QUOTE
              Modules using memory below 1 MB:

              Name Total Conventional Upper Memory
              -------- ---------------- ---------------- ----------------
              SYSTEM 14,112 (14K) 9,856 (10K) 4,256 (4K)
              EMS 256 (0K) 0 (0K) 256 (0K)
              COMMAND 3,984 (4K) 0 (0K) 3,984 (4K)
              SHARE 13,072 (13K) 0 (0K) 13,072 (13K)
              Free 742,416 (725K) 645,184 (630K) 97,232 (95K)

              Memory Type Total Used Free
              ---------------- -------- -------- --------
              Conventional 640K 10K 630K
              Upper 116K 21K 95K
              Reserved 268K 268K 0K
              Extended (XMS) 16,384K 8,292K 8,092K
              ---------------- -------- -------- --------
              Total memory 17,408K 8,591K 8,817K

              Total under 1 MB 756K 31K 725K

              Total Expanded (EMS) 2,048K (2,097,152 bytes)
              Free Expanded (EMS) 2,048K (2,097,152 bytes)
              Largest executable program size 630K (645,168 bytes)
              Largest free upper memory block 92K ( 94,560 bytes)
              FreeDOS is resident in the high memory area.
              END OF QUOTE

              Note that I didn't do anything special to get more available ram; with the exception of FreeDOS SHARE, this is just the way that DOSEMU installs out-of-the-box.

              Anyone who needs lots of free DOS ram to run their programs may want to consider running them under Linux.

              ------------------
              PB/DOS 3.5 on Fedora Linux

              Comment


              • #8
                I had an Asus motherboard, A7N266VM, micro ATX, early Nvidia
                chipset, onboard video. I could never get enough free HMA to
                give EMM386 it's requisite 64k frame. I was using 98SE, and pure
                Dos7 (usually on a boot CD). Never got any joy.

                I talked to Asus tech support, and they finally came up with the
                fact that the board is not certified for DOS/Win98. Said that yes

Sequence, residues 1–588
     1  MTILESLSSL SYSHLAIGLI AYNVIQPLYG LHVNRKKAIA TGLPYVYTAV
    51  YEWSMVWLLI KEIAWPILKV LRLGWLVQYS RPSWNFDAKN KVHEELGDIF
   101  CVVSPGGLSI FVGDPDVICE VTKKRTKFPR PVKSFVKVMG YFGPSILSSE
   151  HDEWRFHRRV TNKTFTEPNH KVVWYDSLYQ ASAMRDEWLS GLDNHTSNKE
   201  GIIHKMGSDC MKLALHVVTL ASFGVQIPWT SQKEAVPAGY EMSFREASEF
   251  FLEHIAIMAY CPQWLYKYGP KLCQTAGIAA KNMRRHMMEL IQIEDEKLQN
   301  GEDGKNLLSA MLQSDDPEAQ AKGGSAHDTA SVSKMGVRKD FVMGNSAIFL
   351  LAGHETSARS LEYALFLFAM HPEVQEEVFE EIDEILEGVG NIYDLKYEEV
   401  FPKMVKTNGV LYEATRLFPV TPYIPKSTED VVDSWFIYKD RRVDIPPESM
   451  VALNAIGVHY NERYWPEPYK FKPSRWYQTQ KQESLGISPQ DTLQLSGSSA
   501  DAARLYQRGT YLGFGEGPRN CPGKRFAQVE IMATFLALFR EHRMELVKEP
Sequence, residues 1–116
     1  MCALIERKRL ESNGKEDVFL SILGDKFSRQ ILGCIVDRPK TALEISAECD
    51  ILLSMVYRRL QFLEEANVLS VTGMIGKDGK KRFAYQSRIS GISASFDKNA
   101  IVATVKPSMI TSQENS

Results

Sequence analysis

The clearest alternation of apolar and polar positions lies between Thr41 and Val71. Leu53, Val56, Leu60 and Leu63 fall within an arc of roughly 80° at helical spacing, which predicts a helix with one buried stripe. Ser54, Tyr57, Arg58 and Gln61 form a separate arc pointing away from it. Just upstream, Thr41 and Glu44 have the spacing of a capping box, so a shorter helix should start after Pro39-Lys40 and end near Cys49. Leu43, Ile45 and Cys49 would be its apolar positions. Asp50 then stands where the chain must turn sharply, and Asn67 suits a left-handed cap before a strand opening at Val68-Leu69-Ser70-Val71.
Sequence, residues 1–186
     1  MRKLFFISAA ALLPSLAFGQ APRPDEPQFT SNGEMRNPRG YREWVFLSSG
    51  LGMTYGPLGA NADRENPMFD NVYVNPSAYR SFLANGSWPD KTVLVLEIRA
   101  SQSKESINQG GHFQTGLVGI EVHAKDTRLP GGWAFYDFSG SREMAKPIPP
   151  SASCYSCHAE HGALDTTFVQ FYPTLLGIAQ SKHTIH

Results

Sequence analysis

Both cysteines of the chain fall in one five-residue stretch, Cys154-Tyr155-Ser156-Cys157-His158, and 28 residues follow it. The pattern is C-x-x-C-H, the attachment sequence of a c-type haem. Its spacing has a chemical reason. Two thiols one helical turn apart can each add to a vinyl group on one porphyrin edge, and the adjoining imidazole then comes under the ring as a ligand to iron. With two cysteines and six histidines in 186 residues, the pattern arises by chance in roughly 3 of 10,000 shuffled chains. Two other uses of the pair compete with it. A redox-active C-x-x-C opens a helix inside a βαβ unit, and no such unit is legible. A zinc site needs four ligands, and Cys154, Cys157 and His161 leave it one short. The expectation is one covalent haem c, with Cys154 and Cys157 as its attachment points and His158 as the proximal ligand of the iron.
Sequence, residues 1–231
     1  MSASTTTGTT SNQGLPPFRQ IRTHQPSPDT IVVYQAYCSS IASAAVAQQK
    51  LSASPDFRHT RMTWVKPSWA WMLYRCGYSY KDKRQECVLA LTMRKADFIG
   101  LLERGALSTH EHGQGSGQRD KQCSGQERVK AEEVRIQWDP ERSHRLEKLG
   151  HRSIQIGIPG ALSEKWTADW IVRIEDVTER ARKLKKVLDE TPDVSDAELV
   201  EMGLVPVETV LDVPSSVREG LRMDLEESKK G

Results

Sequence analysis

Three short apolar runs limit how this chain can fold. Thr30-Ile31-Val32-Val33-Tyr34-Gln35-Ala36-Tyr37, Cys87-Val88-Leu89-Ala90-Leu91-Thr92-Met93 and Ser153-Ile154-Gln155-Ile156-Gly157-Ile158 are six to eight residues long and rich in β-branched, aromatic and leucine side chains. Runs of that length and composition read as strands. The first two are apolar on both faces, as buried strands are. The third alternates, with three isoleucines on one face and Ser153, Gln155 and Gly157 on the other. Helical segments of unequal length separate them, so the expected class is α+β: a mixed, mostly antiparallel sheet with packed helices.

the HMA is all used up by ROM's, tough luck. This was also verified
                by me using 'mem'. I gave up prematurely on the issue when I upgraded
                to a newer mobo without that issue.

                ... scratches head ... tries to remember ...

                -You might be able to set Emm use a 32k pageframe?
                -You might be able to disable some ROM shadowing in bios, which
                I think always uses HMA for the shadow. Although maybe the
                ROM's occupy the same address block shadowed or not?
                -You might try using off-board video to avoid the ROM?
                -Maybe some other HMA is somehow used by onboard LAN or other
                periferals? Try disabling them?

                Good luck.


                ------------------
                What can go wrong will go wrong.
                Anything can go wrong.
                What hasn't?!?!
                What can go wrong will go wrong.
                Anything can go wrong.
                What hasn't?!?!

                Comment


                • #9
                  Criss,
                  mine's a similar Asus motherboard (A7N8X). I thought the same as you.. but there's no shadowing setup in the BIOS so that's out.